Organizations probably will implement some of the changes faster than others, she says. "I believe many organizations already are in compliance with the proposed revision for MM.2.20, regarding how medications are to be properly and safely stored throughout the organization."

As for standard MM.4.10, which would require that all prescriptions or medication orders be reviewed for appropriateness, the Elements of Performance (EPs) 8, 9, and 10 will need some planning, Catalano adds. These EPs require evaluation of the risk of medications used as part of a procedure, when there is no specific order for the medications or the medication is not directly provided by the pharmacy. Strategies to address these risks must be based on literature review, best practices, and internal data, and developed in conjunction with the medical staff and pharmacy.

"Medications typically used for different types of procedures will be reviewed and decisions made accordingly," she explains.

Standard MM.4.20 would require a policy addressing safety and the use of medications acquired by a practitioner from sources other than the organization, specifying when these medications may be used and the process to evaluate them. "This type of policy may already be in place in many facilities," Catalano adds.

According to proposed standard MM.4.50, medications that are obtained after hours by nonpharmacist health care professionals now must be maintained outside the pharmacy and must be locked.

"How will the organization decide which medications they will place in this area? What type of training will be required for those who are allowed to access these medications?" she asks. "I believe the quality control, requiring an independent second check by another person or secondary verification system such as bar coding, may be more difficult to accomplish — but it is doable."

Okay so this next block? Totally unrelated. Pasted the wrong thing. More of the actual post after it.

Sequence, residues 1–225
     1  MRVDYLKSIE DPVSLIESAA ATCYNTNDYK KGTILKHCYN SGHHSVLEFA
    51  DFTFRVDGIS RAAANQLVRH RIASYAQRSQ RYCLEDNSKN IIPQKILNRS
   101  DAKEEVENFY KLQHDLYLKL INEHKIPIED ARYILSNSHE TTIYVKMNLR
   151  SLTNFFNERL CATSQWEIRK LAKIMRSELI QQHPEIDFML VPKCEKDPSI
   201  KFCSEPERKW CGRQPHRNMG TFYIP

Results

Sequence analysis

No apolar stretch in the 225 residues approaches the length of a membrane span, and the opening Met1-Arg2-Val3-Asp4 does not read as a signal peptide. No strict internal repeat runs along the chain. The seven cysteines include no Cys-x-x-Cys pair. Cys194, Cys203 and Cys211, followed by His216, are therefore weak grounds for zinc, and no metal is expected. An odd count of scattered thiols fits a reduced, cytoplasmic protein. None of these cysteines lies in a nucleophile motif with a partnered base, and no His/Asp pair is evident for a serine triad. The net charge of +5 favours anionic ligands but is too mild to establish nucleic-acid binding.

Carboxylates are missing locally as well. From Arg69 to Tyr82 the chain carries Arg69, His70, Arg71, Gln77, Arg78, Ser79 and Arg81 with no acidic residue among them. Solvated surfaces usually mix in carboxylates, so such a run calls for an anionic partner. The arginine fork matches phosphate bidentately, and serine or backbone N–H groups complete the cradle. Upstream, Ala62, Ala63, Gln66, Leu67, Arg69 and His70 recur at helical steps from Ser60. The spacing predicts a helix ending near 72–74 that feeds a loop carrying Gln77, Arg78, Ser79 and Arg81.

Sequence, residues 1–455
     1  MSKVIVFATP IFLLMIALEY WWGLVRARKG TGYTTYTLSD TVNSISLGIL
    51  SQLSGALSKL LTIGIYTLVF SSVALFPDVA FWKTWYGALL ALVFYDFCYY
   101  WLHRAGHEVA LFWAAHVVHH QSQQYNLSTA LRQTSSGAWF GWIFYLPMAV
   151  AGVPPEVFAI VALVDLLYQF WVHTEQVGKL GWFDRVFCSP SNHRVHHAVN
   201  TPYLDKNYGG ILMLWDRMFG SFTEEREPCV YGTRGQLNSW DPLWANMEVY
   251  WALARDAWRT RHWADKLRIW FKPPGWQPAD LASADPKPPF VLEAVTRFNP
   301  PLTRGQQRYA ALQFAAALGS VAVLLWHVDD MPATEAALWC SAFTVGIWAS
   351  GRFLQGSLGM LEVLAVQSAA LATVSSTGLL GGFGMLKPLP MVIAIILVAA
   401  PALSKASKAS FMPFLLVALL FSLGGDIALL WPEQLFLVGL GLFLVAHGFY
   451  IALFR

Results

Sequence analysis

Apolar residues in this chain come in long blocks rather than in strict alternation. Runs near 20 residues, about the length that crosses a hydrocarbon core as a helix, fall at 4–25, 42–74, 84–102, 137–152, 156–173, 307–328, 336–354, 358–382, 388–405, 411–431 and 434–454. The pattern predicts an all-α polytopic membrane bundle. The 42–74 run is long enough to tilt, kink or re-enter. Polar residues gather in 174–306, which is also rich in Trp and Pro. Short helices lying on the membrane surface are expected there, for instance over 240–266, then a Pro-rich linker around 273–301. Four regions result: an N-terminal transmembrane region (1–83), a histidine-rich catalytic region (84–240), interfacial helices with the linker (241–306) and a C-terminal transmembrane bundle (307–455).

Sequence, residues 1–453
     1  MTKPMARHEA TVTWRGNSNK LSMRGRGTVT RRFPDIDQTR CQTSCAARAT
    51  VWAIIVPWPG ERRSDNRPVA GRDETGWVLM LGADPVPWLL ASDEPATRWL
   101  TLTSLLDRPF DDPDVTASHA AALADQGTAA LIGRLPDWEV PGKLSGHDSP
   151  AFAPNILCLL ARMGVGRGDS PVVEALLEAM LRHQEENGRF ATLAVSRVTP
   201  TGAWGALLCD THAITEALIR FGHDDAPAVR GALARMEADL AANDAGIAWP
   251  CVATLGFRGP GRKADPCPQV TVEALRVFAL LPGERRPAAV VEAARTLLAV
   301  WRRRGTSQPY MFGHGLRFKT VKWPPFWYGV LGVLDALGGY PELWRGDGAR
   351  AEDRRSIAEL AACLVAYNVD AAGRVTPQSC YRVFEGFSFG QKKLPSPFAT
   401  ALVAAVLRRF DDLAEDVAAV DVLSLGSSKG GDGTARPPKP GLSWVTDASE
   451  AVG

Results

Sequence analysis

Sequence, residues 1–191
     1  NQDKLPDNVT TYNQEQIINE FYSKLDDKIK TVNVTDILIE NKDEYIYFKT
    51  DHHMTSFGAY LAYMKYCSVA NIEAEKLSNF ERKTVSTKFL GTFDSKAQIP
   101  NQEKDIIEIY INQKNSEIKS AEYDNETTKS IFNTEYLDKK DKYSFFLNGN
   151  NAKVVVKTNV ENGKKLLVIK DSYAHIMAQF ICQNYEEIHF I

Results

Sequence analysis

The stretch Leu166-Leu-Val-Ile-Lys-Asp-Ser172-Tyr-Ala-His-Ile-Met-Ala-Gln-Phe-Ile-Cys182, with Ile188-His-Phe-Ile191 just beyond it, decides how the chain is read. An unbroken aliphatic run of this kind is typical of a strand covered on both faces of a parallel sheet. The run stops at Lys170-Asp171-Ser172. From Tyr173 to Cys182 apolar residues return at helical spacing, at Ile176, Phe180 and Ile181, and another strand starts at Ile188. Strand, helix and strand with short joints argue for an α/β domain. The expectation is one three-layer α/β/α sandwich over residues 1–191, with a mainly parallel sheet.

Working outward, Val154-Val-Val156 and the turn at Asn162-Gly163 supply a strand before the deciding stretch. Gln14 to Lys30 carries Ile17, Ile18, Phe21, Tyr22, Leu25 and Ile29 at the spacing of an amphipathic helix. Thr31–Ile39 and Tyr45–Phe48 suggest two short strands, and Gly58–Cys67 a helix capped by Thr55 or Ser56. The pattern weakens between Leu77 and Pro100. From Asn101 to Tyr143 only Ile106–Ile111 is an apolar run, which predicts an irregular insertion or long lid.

The EP requiring a pharmacist to be on call or available at another location may present a dilemma for some organizations, Catalano notes. "This is doable in most organizations, but it may be problematic in the rural areas," she says.

One surprise was EP 16 for MM.2.20, which requires the organization to define in policy how practitioners "carry and maintain" medications. "This is the only EP that may be outside the current policy of organizations — I’m not sure all policies address this," Catalano explains.

The requirement may be related to clinicians carrying medications in "fanny packs," which typically is done by respiratory therapists for inhalation treatments, suggests Ray. "There has been some literature recently related to this practice and how body temperature affects medication stability," she says. "It seems that the USP storage requirements should be the universal standard."

MM.8.10 requires the organization to evaluate its medication management system, including risk points and areas in which safety can be improved, routine evaluation of literature for new technologies or successful practices that have improved safety in other organizations, and a review of internally generated reports for trends and issues in the organization’s medication system.

"It is my opinion that this is already done by the majority of pharmacies today. This is simply good practice," Catalano notes. "Of course, the organization is to take action to implement improvements, by using information from data analysis to identify subsequent changes to improve its medication management system."

[For more information on the proposed medication management standards, contact:

Kathleen Catalano, Director, Regulatory Compliance Services, PHNS Inc., One Lincoln Centre, 5400 LBJ Freeway, Suite 200, Dallas, TX 75240. Phone: (972) 701-8042, ext. 216. Fax: (972) 385-2445. E-mail: Kathleen.Catalano@phns.com.

Sherryl Ray, RN, CPHQ, Director, Quality Improvement, Arkansas Children’s Hospital, 800 Marshall St., Little Rock, AR 72202-3591. Phone: (501) 364-1683. E-mail: raysm@archildrens.org.]